In Uganda, the Foundation for Human Rights Initiative (FHRI) trains local leaders to help community members with legal complaints in a way that avoids the problems and frustrations of using the formal judicial system. FHRI teaches these leaders how to educate their communities about their constitutional and human rights. It also gives them paralegal skills, enabling them to provide mediation, counseling and advice so that citizens can obtain redress for abuses and exercise their full human rights.
Many people in rural Uganda are unaware of their full constitutional rights and of what can be done when those rights are violated. They also perceive the legal system to be inaccessible, as it is located in the city: its costs are high and it uses unfamiliar language and behavior.
FHRI chooses participants who have demonstrated leadership skills and are important figures in their communities, such as teachers, business leaders, community elders or medical workers. The training is a week-long curriculum addressing legal processes, discussion methods and ways to create communication networks. It also provides participants with the skills they need to monitor, document and report human rights abuses. Some volunteers become responsible for specific groups in the community, such as women, children, the elderly or others.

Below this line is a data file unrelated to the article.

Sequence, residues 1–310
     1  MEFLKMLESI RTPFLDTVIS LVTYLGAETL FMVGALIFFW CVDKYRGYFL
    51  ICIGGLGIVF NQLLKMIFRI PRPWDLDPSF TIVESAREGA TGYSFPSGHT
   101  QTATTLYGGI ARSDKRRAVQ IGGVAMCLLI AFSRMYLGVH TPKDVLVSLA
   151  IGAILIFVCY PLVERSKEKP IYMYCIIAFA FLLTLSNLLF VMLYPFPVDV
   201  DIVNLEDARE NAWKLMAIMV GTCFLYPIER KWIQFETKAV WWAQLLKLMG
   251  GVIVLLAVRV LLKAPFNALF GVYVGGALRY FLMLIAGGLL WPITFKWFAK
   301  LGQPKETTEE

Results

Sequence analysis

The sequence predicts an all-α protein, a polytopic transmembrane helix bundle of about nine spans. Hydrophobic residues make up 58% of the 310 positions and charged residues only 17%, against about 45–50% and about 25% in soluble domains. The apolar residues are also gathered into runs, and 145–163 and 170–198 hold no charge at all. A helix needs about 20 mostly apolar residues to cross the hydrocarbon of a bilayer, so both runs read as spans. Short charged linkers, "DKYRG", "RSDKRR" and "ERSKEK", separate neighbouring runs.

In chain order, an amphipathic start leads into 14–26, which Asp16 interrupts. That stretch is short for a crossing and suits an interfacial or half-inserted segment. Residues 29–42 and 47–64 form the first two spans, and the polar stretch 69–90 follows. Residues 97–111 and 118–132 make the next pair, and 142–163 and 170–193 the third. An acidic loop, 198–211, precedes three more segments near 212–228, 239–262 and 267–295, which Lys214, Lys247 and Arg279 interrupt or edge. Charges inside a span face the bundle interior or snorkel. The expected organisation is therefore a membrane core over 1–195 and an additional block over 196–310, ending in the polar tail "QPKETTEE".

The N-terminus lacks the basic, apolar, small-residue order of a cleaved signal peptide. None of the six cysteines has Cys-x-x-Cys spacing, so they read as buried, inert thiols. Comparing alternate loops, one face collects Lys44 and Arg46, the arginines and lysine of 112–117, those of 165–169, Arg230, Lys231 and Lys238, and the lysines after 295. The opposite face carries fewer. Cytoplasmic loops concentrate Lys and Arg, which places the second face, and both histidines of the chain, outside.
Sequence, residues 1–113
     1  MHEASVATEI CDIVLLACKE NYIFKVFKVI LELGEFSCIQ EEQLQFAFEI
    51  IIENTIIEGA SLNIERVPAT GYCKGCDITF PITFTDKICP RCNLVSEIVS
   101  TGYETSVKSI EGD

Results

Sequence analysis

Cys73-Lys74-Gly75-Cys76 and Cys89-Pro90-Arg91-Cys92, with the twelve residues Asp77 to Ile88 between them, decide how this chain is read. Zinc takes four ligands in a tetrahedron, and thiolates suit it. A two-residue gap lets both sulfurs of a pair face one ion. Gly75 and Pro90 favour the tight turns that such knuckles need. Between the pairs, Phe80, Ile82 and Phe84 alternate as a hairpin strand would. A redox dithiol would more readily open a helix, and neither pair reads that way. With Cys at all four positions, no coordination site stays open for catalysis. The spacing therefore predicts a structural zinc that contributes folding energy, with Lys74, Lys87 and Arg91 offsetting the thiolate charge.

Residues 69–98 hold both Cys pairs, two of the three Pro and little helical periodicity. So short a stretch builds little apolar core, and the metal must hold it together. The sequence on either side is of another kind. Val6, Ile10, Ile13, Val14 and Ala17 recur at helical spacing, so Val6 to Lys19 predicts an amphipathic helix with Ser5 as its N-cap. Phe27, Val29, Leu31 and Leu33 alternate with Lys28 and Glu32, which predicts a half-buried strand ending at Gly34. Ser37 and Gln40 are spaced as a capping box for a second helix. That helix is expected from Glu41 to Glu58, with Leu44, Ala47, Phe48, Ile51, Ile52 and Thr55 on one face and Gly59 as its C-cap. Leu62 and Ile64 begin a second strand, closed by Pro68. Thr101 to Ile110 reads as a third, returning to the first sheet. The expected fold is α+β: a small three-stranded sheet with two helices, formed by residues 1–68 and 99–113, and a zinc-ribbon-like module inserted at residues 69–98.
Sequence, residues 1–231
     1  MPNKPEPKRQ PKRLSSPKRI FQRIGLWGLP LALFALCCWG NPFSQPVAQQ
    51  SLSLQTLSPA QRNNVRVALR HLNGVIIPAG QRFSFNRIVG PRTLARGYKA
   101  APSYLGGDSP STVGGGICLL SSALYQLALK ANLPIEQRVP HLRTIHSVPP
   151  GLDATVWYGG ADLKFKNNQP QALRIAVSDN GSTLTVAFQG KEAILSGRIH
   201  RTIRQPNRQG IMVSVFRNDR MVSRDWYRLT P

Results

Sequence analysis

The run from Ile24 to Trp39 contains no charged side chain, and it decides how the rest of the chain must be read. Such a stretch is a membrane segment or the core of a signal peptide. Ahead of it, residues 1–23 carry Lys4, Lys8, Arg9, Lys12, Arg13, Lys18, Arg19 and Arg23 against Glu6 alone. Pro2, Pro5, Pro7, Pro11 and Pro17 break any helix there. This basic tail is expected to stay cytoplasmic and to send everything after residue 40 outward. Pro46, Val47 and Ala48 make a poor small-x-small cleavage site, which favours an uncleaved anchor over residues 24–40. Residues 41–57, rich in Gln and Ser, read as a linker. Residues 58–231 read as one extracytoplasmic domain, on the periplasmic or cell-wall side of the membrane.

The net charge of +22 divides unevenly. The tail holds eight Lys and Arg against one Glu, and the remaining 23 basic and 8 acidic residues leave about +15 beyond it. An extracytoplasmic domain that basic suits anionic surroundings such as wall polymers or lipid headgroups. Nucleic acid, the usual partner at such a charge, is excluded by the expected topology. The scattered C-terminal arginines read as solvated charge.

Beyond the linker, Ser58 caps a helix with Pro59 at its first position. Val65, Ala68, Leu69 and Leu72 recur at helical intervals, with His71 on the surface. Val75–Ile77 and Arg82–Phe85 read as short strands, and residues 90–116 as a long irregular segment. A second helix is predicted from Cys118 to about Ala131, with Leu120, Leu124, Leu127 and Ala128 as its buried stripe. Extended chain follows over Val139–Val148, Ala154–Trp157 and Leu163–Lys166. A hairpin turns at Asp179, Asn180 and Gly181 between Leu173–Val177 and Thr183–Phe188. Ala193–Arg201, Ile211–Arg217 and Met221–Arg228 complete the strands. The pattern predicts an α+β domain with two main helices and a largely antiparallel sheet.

When they have completed their training, these paralegal volunteers form meeting centers that address problems in ways tailored to their communities. This encourages alternative solutions — such as counseling, mediation, referrals to existing organizations and advice with paperwork — so people can avoid the challenges and costs of the formal judicial system.
FHRI has now trained more than 1,000 volunteer paralegals and has published the Paralegal Reference Handbook (available from FHRI).
New Tactics in Human Rights does not advocate for or endorse specific tactics, policies or issues.
In many rural or provincial areas, access to the legal system and to conflict resolution services is extremely limited. A group in Uganda is working to change this by training local people in mediation skills.
This tactic increases access to justice. And, when too often the call for human rights comes from outside a community, it also creates local advocates for these rights. (The Thongbai Thongpao Foundation in Thailand also brings legal education to rural areas, but it focuses more on educating community members who may require legal services than on training local leaders to provide those services. See page 145.) FHRI’s approach could be used in other situations where legal recourse is not an option for people and where community leaders are willing and able to take on this role.
The success of this tactic relies on the assurance that the leaders identified from the outside have genuine moral authority in their communities and will use it along with their new mediation skills. Also, the short-term training may need to be supplemented with long-term follow-up and support.